It is as far away from the rat race as it is possible to get yet still be on the British Isles – a point at the western edge of the map that boasts unrivalled views of the sea and the distant Outer Hebrides. 

Now two people are wanted for a “once in a lifetime experience” of watching the waters for a living at Ardnamurchan Lighthouse as part of efforts to record migrating whales.

The summer placements at the remote lighthouse are aimed at developing the Hebridean Whale Trail, which launches soon and will be the first of its kind in the UK.

The trail will be a network of about 25 world-class whale-watching and whale heritage sites, developed by the Hebridean Whale and Dolphin Trust (HWDT).

It plans to promote Scotland as one of Europe’s best destinations for spotting whales, dolphins and porpoises – collectively known as cetaceans – and champion conservation of the Hebrides’ unique, globally important marine wildlife and environment.

And the trust is looking for a couple willing to turn their backs on urban living and keep an eye out for passing whales and dolphins in the area.

The job is voluntary but food, accommodation and all expenses will 
be met by the trust for the length of the project.

READ MORE: Scotland's only resident killer whale colony faces extinction due to illegal chemicals in the sea 

Its leaders say successful candidates must provide “expert wildlife guiding and informal interpretation to visitors about Hebridean marine wildlife, environment and heritage” and “carry out dedicated land-based cetacean data collection and encourage visitors to participate in whale watching and biological recording activities”.

The job description adds: “Are you looking to gain valuable work experience, and play an active role in marine conservation? Are you interested in living and working at a lighthouse in a remote but beautiful part of Scotland? If so, then this is a fantastic opportunity for a once in a lifetime experience.

“The Hebridean Whale and Dolphin Trust has been leading the way for the conservation of cetaceans in the Hebrides for 25 years.

“As the trusted voice and primary source of information in the region, HWDT research has critically advanced the understanding of Scotland’s whales, dolphins and porpoises while working directly with communities to encourage the stewardship of our rich seas.”

It says the post offers “the opportunity to be a part of a project which will connect communities and visitors with the amazing Hebridean marine environment”, adding: “The Ardnamurchan Lighthouse Trust operates a busy visitor centre and cafe, offering the chance to learn more about Scottish lighthouses, and the flora and fauna of the Ardnamurchan peninsula.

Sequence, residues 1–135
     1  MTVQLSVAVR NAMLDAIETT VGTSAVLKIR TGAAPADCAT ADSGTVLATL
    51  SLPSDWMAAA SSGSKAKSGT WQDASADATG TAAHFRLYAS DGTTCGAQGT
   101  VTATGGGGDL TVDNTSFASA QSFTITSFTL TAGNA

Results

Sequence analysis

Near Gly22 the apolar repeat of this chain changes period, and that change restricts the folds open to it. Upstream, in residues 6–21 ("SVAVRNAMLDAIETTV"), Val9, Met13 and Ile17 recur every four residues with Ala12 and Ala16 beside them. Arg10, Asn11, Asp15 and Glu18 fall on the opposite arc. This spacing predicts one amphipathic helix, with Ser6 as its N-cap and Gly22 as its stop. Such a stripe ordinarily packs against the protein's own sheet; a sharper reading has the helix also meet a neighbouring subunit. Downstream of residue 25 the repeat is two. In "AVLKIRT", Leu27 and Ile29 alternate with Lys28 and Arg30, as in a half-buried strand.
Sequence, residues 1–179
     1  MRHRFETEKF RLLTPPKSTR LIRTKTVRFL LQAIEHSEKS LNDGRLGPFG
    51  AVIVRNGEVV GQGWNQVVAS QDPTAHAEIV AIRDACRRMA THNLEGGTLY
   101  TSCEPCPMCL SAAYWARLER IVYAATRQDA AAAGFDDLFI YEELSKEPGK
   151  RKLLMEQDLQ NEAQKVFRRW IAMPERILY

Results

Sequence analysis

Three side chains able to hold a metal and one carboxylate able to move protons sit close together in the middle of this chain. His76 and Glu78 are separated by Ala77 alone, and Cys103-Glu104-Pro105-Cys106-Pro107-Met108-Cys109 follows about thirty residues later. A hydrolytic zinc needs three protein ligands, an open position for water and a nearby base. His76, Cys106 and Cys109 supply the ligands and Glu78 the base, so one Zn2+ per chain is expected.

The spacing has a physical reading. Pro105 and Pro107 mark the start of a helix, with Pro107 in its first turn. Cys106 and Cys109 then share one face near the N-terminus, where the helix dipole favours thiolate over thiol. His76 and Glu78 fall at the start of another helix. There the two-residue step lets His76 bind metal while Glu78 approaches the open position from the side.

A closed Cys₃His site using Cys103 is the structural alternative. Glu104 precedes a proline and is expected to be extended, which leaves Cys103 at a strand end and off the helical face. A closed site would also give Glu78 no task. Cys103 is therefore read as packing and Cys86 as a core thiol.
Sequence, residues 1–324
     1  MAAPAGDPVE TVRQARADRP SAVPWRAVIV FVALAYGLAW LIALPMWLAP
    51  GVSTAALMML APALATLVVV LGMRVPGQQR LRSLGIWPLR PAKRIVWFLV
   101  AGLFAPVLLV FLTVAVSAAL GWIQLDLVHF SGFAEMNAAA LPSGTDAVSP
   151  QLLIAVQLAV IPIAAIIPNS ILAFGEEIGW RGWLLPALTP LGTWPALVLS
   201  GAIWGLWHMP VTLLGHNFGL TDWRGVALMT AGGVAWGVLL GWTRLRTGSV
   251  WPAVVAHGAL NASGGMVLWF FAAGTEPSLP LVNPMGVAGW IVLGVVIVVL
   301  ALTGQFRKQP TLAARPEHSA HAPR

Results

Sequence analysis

“The volunteer will be responsible for the delivery of the Hebridean Whale Trail’s Ardnamurchan programme, working with members of the HWDT team alongside Ardnamurchan Lighthouse staff.

“Living and working at a lighthouse in a remote but beautiful part of Scotland makes this is a fantastic opportunity for a once in a lifetime experience, while playing an active part in marine conservation.”

A quarter of the world’s whale and dolphin species’ live off the Scottish coast, making it one of the best European destinations to try and catch a glimpse 
of cetaceans.

Bottlenose dolphins, risso’s and common dolphins, harbour porpoises, minke whales, humpbacks and killer whales are all found in Hebridean seas.

Tiumpan Head, on Lewis, is also considered the best place in Europe to 
see cetaceans from land all year round.

Wildlife tourism is becoming big business in Scotland, with whale-watching top of many people’s list.

Other denizens of the deep have also become hits on the tourist trail, with a company that specialises in swimming with basking sharks being awarded a five-star rating from VisitScotland last month. 

Basking Shark Scotland received the national tourism body’s top grading at the first time of asking after a bumper year that saw the company fully booked during the peak summer season.

The Oban-based firm offers trips to see basking sharks in their natural environment and swim alongside them using a snorkel or scuba gear.

The wildlife tour company was awarded the five-star rating from VisitScotland’s Quality Assurance Scheme in recognition of its exceptional standards. It also won the Best Outdoor Experience title at the Highlands & Islands Tourism Awards.

Founded by marine biologist Shane Wasik in 2012, Basking Shark Scotland also offers seal-swimming tours, sea-bird safaris, and beach-cleaning trips to 
isolated islands.

Meanwhile, Calmac Ferries launched a new national marketing campaign 
ahead of this year’s tourism season to raise awareness of Uist as an “unmissable getaway”. 

Although the two islands have fewer than 6,000 residents, they are home to remarkable wildlife such as golden eagles, wading birds and otters.